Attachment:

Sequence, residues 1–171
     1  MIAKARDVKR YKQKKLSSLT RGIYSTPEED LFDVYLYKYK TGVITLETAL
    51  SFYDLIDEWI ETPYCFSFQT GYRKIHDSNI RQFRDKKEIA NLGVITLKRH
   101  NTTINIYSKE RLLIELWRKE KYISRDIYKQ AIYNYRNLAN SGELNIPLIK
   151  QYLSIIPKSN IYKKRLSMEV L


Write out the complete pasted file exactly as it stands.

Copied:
Sequence, residues 1–171
     1  MIAKARDVKR YKQKKLSSLT RGIYSTPEED LFDVYLYKYK TGVITLETAL
    51  SFYDLIDEWI ETPYCFSFQT GYRKIHDSNI RQFRDKKEIA NLGVITLKRH
   101  NTTINIYSKE RLLIELWRKE KYISRDIYKQ AIYNYRNLAN SGELNIPLIK
   151  QYLSIIPKSN IYKKRLSMEV L